Edouard Naville and Francis Llewellyn Griffith are often referred to as the first archaeologists to see the importance and grandeur of the Great Temple at Bubastis and it is their descriptions and findings which continue to draw modern day archaeologists to the site of the once magnificent temple and city.
Join us while we travel through the development of the Egyptian pyramids, from the pit “mastaba” tombs to the gigantic wonders at Giza. We will examine how low flat mud brick tomb structures came to be built of stone and stacked, resulting in the Step Pyramid.
We will take a tour of this small but exquisite 18th Dynasty tomb, with a chance to see all the remaining decorations. Along the way, we will find what is typical about this tomb for its location, date and owner’s status – and we will see what is different.
This talk centers around the stone sarcophagus of a New Kingdom mayor from Herakleopolis found at the turn of the 20th century by Sir Flinders Petrie and Guy Brunton. Stone sarcophagi, while the norm for royalty, are quite rare for officials, especially those who held office in provincial Egypt.
Ancient Egyptian medicine was trial by error in every sense. Several medical treatises have been discovered, but these surviving documents appear to have written during the late Middle to New Kingdom dynasties. However many Egyptologists agree that they are copies made from earlier documents.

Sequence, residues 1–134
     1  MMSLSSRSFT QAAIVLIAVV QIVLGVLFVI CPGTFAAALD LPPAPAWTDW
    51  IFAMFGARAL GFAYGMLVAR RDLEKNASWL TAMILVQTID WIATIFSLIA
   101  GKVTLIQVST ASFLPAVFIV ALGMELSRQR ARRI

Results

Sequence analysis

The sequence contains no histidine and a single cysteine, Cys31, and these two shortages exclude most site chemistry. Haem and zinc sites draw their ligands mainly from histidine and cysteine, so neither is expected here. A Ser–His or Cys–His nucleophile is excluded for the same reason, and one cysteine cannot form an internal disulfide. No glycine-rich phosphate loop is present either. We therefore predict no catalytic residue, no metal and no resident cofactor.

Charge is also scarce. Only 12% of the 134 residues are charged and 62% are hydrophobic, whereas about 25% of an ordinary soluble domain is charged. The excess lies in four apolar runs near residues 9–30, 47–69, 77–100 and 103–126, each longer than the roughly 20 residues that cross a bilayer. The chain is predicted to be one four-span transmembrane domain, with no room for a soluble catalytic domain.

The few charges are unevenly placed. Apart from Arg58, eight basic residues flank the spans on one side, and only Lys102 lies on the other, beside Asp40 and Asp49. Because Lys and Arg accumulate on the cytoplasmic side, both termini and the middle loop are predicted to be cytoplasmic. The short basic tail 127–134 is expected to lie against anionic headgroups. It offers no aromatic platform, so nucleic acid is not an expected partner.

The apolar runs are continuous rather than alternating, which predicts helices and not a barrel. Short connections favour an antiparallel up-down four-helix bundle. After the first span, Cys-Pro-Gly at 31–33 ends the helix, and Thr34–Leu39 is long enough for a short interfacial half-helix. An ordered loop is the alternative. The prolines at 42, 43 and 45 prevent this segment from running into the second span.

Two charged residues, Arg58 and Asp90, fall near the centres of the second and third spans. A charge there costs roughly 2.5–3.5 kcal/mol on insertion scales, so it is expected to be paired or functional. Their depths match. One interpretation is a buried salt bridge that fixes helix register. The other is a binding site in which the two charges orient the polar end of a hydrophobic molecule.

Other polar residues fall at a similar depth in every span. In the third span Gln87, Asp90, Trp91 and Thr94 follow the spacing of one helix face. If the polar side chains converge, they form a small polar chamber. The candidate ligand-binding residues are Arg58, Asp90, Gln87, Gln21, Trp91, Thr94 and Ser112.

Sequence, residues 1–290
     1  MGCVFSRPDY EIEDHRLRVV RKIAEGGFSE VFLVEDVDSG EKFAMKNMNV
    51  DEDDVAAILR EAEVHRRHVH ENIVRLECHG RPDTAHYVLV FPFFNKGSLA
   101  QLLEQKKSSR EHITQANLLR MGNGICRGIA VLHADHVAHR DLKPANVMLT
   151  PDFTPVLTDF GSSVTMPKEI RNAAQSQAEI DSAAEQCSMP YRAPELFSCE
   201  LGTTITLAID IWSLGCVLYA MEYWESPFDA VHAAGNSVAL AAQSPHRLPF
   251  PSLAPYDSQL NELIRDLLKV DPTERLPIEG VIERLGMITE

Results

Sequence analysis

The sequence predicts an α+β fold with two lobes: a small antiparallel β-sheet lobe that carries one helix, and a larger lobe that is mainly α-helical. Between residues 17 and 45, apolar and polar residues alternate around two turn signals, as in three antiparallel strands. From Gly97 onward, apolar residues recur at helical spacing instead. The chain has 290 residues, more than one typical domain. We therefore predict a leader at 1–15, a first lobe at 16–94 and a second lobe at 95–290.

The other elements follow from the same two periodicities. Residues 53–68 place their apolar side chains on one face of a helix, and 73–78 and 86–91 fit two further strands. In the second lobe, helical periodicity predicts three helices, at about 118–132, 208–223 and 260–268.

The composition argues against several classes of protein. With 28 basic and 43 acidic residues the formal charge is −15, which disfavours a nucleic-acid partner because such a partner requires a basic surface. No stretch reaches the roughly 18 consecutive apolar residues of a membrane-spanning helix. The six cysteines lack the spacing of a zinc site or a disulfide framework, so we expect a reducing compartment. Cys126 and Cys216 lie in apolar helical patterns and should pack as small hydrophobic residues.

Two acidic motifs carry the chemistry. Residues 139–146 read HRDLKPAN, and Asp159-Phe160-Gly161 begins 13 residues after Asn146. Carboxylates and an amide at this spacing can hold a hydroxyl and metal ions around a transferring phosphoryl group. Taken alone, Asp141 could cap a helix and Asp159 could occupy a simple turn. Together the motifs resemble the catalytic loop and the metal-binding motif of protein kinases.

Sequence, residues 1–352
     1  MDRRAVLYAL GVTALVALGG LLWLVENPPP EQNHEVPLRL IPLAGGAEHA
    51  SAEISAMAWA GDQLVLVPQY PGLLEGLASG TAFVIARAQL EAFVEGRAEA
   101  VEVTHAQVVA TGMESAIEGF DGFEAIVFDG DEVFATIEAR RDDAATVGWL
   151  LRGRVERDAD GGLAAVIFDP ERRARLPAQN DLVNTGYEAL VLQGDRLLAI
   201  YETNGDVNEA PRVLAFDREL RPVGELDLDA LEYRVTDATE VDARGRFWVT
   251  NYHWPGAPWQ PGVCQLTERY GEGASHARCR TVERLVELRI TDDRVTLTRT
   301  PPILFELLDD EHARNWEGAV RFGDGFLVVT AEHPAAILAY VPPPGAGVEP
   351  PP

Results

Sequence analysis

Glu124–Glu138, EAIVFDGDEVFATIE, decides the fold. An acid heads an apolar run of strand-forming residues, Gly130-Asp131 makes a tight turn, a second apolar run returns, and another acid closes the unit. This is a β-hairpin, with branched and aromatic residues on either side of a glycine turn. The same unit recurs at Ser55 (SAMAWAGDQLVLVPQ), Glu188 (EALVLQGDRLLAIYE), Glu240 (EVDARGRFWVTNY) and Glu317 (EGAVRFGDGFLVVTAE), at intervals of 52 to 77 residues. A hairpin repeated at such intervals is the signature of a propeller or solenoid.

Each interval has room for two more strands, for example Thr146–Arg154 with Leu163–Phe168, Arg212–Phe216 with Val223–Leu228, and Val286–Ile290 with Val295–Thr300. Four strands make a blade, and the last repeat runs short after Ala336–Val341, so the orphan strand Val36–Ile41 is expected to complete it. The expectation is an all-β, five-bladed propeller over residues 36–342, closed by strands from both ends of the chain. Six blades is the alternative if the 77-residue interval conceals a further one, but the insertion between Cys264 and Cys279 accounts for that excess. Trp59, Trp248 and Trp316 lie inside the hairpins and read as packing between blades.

According to Egyptologist Peter Dorman, “Senenmut may justifiably be described as one of the most eminent and influential persons of the Eighteenth Dynasty.” Living during the reign of Thutmosis III and Hatshepsut, he achieved high rank with titles including Tutor of the King’s Daughter (that is Hatshepsut’s daughter, Neferure), Overseer of all the Works of the King, and High Steward of Amun.
Robbing tombs in dynastic Egypt was a perilous occupation. Silence needed to be bought from high officials and fellow villagers. Access had to be secured. Breaking into tombs was hard work. Disaster could befall the robbers at any time. The punishment, if caught, was torture and death for robbers and often their families. But balanced against disaster was the promise of unimaginable wealth. Egypt was plagued by tomb robberies throughout her history.
The scarab amulet is the single most abundant artifact to have survived from ancient Egypt, and hundreds of thousands, if not millions, were made throughout the course of Egyptian history. Today, scarabs continue to be found on excavations throughout Egypt and elsewhere with thousands residing in museum collections around the world.
It has been estimated that only one-third of the Ancient Egyptian archaeological sites have been found so far, and new discoveries are being made almost daily. Many of those recent discoveries have been made on the Giza Plateau, in the shadow of the famous pyramids, and at nearby Saqqara and Abu Sir.